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of the resurrection, as for any other fact concerning his life or his death. Nor it is true, that "God "chose to deprive all mankind of the proper evi"dence of the resurrection, because the Jews of that age were sinners." Whatever evidence it had pleased God to vouchsafe to "the Jews of that age," "all mankind" besides could have received it only upon testimony; and they enjoy now, upon testimony, more and better evidence for the resurrection of Christ, than ever was produced for any one transaction that has happened from Adam to the present hour. The descent of the Spirit on the day of Pentecost; the propagation of the Gospel by instruments otherwise totally inadequate to the work; the conversion of so many thousand Jews; the destruction of Jerusalem; and the establishment of the Christian church, in opposition to the efforts of the whole Roman empire-all these considerations, added to the original positive evidence for the fact, and the futility and absurdity of the arguments then and since employed to invalidate it, form such a moral demonstration in its favour-the only demonstration we can have, in cases of this kind-that there must be something very wrong indeed in the head, or the heart, of him who, at this time of day, sets himself to deny and blaspheme it. With joy and pleasure I desire to risk upon the truth of it every thing that is dear to me, in this life, and that which is to come.

Page 47.-It is asked, whether God expects that we should "show our faith and reliance on him by "making a sacrifice of our reason, and believing not

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by an act of the understanding, but of the will?"

How necessary, in many cases, the concurrence of the will is towards the production of faith, daily experience may convince us. We see men rejecting the strongest evidence, when opposed by interest, prejudice, and passion; and accepting the slightest, which falls in with them. The best arguments in the world avail nothing on one side, when pride, pleasure, and profit are engaged on the other. Hope of what is deemed good, and fear of what is deemed evil, will find means to elude the force of all the syllogisms which the most skilful disciple of Aristotle can frame. "This man," said the rulers of the Jews, "doeth "many miracles."-Acknowledge and receive him, therefore, as a man sent from God.-"No: we will "apprehend and crucify him."-For what reason?— "Because if we let him alone, all men will believe "in him; and the Romans will come and take away "our place and nation"-But he has raised Lazarus from the dead-" Why then, we will put Lazarus to "death again."-What can be done with such people as these? Or what effect would the appearance of Christ among them after his resurrection have produced, but that of provoking fresh blasphemies and fresh insults?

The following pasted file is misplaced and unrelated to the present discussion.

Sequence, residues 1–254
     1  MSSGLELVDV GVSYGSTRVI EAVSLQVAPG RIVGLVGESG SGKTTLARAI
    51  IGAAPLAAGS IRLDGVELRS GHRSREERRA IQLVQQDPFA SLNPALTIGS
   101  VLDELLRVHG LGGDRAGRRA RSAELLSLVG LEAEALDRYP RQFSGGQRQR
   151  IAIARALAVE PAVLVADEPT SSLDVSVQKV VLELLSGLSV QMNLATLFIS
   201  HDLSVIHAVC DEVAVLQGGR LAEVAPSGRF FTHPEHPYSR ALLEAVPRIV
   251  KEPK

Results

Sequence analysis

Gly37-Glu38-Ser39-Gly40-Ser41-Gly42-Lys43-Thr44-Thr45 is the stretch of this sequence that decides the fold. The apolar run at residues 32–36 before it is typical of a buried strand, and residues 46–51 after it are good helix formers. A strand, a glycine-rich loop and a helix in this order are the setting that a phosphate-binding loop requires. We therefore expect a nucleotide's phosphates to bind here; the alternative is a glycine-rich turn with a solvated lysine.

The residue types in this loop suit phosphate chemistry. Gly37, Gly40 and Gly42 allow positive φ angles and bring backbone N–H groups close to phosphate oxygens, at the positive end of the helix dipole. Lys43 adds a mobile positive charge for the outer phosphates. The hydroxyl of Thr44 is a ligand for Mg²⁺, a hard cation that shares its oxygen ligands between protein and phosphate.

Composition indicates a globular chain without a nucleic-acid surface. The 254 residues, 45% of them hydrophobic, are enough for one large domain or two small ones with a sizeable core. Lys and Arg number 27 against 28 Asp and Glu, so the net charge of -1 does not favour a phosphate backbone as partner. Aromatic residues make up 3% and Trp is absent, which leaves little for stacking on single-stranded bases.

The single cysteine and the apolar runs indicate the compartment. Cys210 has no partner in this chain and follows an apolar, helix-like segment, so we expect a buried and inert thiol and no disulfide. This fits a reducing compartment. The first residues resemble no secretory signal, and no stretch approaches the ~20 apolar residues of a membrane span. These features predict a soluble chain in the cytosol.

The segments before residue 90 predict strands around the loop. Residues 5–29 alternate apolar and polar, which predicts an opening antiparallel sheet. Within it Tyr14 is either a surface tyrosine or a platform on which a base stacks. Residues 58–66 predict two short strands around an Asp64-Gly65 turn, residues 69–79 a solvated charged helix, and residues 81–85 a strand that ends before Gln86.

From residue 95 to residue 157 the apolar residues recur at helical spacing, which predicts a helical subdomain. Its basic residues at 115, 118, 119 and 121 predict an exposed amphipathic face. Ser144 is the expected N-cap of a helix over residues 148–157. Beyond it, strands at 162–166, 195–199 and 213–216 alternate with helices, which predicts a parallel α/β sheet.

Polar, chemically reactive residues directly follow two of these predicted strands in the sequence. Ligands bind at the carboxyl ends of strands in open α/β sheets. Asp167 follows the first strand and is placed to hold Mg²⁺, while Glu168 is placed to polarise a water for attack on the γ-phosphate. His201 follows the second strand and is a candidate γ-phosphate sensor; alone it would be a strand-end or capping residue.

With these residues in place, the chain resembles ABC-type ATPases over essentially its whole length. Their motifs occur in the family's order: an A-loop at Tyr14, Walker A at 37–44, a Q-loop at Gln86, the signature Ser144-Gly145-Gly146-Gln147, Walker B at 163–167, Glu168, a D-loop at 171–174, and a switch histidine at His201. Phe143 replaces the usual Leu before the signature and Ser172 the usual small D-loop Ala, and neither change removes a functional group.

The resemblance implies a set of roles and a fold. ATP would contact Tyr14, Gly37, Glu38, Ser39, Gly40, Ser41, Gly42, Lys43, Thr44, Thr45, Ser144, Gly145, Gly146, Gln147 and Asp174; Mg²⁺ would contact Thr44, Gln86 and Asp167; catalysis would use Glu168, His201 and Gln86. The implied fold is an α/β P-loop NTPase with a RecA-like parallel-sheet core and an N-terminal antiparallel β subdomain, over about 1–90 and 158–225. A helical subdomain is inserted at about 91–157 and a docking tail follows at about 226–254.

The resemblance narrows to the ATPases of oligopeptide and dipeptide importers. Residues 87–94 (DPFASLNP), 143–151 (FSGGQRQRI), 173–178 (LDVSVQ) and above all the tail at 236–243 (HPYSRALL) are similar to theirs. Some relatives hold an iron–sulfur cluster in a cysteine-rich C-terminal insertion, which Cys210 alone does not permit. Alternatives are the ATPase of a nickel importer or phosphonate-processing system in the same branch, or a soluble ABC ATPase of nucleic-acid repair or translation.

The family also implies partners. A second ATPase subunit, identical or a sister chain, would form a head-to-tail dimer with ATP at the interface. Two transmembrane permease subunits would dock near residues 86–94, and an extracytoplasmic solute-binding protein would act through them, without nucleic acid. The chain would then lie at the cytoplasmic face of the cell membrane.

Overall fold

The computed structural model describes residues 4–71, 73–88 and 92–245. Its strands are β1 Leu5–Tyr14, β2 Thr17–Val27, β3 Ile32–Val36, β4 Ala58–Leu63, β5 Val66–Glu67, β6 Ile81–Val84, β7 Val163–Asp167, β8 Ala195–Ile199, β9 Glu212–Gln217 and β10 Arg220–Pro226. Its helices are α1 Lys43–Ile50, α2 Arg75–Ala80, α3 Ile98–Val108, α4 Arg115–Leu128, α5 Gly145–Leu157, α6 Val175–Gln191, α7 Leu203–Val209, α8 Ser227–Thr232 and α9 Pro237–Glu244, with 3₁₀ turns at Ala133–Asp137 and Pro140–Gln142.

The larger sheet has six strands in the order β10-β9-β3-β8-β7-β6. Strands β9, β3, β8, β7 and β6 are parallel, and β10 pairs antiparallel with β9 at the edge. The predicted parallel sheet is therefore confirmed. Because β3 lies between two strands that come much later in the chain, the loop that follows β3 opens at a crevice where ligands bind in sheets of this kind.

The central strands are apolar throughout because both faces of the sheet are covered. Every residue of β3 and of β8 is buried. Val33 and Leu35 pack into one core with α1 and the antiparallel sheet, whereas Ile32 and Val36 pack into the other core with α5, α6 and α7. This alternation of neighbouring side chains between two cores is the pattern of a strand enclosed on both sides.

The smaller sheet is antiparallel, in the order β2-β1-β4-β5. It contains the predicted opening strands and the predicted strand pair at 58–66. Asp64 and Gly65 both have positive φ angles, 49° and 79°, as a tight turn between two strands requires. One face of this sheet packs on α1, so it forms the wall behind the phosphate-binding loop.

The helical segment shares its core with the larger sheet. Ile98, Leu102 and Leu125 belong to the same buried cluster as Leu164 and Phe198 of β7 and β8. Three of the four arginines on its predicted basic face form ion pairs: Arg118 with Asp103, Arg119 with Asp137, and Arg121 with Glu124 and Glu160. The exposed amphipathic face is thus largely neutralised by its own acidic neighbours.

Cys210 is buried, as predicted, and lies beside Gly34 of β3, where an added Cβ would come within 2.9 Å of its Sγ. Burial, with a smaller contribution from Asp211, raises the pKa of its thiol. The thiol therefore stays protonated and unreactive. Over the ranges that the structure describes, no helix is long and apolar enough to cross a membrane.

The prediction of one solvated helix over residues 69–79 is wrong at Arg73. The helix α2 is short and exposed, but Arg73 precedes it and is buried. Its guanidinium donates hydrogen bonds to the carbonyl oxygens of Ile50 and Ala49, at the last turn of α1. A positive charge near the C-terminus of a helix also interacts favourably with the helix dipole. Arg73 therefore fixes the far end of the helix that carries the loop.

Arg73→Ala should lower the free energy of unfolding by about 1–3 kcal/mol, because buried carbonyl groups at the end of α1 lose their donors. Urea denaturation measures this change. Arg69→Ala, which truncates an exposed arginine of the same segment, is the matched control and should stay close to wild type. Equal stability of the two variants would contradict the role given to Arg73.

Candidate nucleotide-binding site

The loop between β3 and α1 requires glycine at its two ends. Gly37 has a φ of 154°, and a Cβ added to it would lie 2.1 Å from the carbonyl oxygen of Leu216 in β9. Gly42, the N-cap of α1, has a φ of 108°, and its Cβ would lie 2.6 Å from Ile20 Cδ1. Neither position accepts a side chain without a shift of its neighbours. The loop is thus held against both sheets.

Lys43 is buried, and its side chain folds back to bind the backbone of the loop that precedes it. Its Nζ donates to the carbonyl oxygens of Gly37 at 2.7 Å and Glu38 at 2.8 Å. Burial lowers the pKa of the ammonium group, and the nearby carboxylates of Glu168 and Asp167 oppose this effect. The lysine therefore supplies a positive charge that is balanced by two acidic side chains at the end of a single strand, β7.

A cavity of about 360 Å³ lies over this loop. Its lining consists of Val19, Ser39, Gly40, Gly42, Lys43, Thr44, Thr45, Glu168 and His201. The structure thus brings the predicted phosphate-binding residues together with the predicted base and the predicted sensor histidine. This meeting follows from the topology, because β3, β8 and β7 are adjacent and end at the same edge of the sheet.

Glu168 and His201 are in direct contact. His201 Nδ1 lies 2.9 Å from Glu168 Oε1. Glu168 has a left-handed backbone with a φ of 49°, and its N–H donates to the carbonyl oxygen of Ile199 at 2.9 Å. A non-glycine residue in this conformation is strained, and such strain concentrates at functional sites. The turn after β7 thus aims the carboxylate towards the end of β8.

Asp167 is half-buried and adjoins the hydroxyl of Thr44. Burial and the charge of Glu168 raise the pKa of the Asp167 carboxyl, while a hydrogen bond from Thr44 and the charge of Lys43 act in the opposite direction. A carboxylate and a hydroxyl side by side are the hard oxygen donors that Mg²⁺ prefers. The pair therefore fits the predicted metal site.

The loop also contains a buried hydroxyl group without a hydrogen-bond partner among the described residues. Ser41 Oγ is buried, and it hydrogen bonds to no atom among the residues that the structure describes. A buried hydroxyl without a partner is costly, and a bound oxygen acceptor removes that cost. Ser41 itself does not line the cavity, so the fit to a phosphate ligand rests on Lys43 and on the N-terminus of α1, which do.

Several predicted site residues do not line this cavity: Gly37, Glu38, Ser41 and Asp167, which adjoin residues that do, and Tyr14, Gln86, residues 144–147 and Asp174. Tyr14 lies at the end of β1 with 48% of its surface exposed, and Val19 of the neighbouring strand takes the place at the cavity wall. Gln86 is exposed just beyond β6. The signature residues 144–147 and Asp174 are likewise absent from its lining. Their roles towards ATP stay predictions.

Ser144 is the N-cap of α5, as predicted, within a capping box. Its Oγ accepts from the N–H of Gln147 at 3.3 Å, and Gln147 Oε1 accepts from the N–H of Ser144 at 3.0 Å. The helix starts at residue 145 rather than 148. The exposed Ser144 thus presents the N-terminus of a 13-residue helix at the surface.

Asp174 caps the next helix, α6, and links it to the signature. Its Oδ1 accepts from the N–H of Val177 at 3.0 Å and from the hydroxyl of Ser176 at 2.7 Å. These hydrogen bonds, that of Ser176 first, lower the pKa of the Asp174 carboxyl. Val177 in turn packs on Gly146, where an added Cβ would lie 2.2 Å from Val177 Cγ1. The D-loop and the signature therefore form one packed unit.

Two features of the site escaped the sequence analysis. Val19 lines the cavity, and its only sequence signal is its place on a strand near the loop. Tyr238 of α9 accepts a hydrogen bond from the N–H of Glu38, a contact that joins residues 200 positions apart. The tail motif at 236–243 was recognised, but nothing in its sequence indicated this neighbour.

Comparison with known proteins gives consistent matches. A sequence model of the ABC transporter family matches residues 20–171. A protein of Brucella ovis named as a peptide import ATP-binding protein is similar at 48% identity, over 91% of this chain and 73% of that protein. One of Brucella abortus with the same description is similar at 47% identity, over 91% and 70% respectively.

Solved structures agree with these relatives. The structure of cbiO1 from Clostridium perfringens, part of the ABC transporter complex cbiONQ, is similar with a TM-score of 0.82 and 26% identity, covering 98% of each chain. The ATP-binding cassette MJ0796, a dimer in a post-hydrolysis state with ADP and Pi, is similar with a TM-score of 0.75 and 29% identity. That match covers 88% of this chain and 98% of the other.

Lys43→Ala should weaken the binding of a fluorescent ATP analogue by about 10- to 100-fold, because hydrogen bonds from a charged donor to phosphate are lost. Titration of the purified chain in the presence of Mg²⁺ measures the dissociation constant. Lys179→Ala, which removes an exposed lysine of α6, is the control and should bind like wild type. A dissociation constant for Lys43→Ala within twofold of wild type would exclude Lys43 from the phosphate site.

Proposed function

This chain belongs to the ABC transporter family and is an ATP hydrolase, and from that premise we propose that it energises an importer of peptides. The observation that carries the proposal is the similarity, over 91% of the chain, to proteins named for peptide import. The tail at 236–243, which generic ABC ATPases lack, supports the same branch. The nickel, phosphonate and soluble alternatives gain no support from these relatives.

And thus you see, dear Sir, we are come round to the point from whence we set out. Assent to proper evidence is an act of the highest reason. Such evidence for revelation, once established, is not to be set aside, or invalidated, by any difficulties, supposed or real, which may occur in the matter of that revelation. Malice and ignorance will always find room for objections; and they will never believe, who have

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no mind to believe. The infidels, therefore, have not ground for the surmise, that we want to "deprive "them of God's best gift.' We wish only to teach them the right use of it. Reason is not "the first "and only revelation from God;" for it is, properly speaking, no revelation at all. Man, at his creation, was not left so much as a single day to reason. It is the eye, not the light. It can with certainty know nothing concerning the things of another world, but by information from thence. To this truth the writings of the best and wisest among the heathen philosophers bear a testimony irrefragable and insurmountable. It is the faculty which enables us upon proper evidence to receive, and after due study to understand, such information. And blessed is he who, at the return of his Lord to judgement, shall be found to have so employed it.

The production which has thus passed under our consideration, from the low and illiberal manner in which it is penned, has been by many accounted to be beneath notice. But nothing is beneath notice, which is calculated to deceive and seduce the igno'rant and unwary, among whom, though even now scarce known in the shops, this pamphlet has been privately spread and recommended as a chef d'œuvre. And though the execution be coarse and mean, the objections, in substance, are such as continually occur in writings of a much higher class, which make part of the furniture of every circulating library through Great Britain, from whence they pass into the hands of our idle young people of fashion, while under the discipline of the friseur, in the metropolis,

or at the watering places. The answers published by Nonnotte, Bergier, and others, to the books of Voltaire, Rousseau, Helvetius, Boulanvilliers, &c. &c. have been much called for, and done eminent service upon the continent: and it is humbly hoped the foregoing strictures may not be without their use here in England.

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